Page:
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Community & Business

12 April, 2023

Glengallan Homestead’s paranormal activity

Glengallan Homestead these days thrives with visitors, however its long and storied past, including many decades when it was abandoned, has led to some believing it may be haunted.

To enter Glengallan is a time-warp experience of the solitary sandstone mansion residing, as it has since 1867, over the fertile Glengallan Valley to Cunningham’s Gap in the Great Divide. 

“People come back to the Heritage Centre after going through the house and tell us stories of how they felt a chill or how they saw someone at a window,” Donna Fraser, Chair, Glengallan Homestead Trust explained.

“Restored from ruin in 2001, the iconic Glengallan Homestead emerges from the ruins of the 1867 mansion as a unique heritage experience,” she said.

“The building is a traditional Victorian style built of sandstone to last the testament of time, with the addition of the Queensland wrap around verandas.”

Glengallan Homestead General Manager, Jonno Colfs recalled his first-time being in the homestead alone. 

“I definitely felt something, a little bit spooked, a little bit eerie,” Mr Colfs said. 

“I scooted out in quite a hurry. I try not to look at the windows as I walk across the lawn to the house as the last thing I want to see is  movement in a window.  

“It’s probably 100 per cent my imagination and reading too many Stephen King novels.” 

There is also the curious tale of Glengallans’s Myrtle - the moggy mummy.

When builders were repairing floor joists in front of the drawing room fireplace in the winter of 2002, they uncovered a mummified cat.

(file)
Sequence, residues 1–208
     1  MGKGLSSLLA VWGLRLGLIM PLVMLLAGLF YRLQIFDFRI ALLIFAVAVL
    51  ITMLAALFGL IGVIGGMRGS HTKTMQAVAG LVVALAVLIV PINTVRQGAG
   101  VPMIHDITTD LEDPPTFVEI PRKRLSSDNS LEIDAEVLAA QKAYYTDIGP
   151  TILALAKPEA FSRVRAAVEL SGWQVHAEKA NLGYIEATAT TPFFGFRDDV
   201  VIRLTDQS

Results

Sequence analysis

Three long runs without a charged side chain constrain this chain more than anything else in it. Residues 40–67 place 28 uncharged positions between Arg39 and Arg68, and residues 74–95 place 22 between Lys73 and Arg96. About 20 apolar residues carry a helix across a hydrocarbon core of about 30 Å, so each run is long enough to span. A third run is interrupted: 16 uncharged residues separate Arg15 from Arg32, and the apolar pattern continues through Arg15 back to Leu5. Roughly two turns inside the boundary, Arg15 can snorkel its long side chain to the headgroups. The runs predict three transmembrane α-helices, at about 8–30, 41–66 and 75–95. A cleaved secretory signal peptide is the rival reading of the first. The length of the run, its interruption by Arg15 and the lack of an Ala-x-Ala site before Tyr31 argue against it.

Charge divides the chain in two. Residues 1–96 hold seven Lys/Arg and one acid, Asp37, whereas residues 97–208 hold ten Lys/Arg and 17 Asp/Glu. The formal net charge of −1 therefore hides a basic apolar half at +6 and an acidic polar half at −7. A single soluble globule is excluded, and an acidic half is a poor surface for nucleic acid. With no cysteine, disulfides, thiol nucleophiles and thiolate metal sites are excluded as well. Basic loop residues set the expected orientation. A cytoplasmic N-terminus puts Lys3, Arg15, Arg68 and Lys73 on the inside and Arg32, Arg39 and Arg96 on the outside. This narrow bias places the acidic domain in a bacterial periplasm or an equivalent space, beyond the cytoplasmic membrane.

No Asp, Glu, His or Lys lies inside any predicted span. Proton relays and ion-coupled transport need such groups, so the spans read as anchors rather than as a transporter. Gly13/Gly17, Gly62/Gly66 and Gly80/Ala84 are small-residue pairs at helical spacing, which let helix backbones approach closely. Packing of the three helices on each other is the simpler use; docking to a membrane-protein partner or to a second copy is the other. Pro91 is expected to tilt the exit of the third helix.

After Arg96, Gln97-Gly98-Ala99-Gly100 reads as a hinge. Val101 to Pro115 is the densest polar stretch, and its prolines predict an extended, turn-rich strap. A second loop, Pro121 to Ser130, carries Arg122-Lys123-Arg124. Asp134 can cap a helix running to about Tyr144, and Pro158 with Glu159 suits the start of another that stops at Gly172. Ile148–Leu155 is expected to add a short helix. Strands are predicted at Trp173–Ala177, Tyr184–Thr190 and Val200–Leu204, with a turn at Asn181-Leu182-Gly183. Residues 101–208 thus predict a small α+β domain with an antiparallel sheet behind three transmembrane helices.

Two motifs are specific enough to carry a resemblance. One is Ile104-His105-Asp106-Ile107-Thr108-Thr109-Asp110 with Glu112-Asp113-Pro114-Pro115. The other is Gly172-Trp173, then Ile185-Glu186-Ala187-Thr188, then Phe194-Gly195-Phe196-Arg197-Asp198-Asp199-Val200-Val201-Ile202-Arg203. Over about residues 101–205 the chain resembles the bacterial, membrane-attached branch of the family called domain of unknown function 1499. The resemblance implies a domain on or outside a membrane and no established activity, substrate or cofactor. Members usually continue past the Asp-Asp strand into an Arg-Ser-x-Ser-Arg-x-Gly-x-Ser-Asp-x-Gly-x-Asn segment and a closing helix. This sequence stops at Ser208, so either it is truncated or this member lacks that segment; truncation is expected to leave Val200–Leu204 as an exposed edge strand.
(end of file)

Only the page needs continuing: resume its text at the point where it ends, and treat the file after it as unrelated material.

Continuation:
According to Ms Fraser, this cat was likely entombed in 1867 by builders following an age-old East Anglian custom that decreed burying a live cat would “protect a building under construction from all harm by witches, warlocks and fire.”

“Lying in an airless, sealed subterranean chamber, with porosity of sandstone foundations drawing all moisture from the carcass, mummification would occur quickly and naturally, thus preventing putrefication and decay,” Ms Fraser said.

Myrtle the moggy mummy was re-interred in November 2002.

In addition to the usual tours available at Glengallan Homestead, there are Ghosts of Glengallan Homestead tours for small groups.

Similarly, people have felt strange forces at Abbey Boutique Hotel in Warwick, which was originally a convent.

Murder Mysteries are hosted there for courageous guests.

Valerie Prentice, owner of the Criterion Hotel, also in Warwick, said the presence of Kate Allman, who’s presence at the hotel dates back 100 years, can still be felt.

“You know when Mrs Allman is happy, and when she is not happy with you,” Ms Prentice said.

“Her presence can mainly be experienced in the kitchen and the Allman Room.  

“People would walk past and see a strong stout woman in a Victorian dress walking to the (original historic) mirror.

“I imagine she is quite a formidable woman.”

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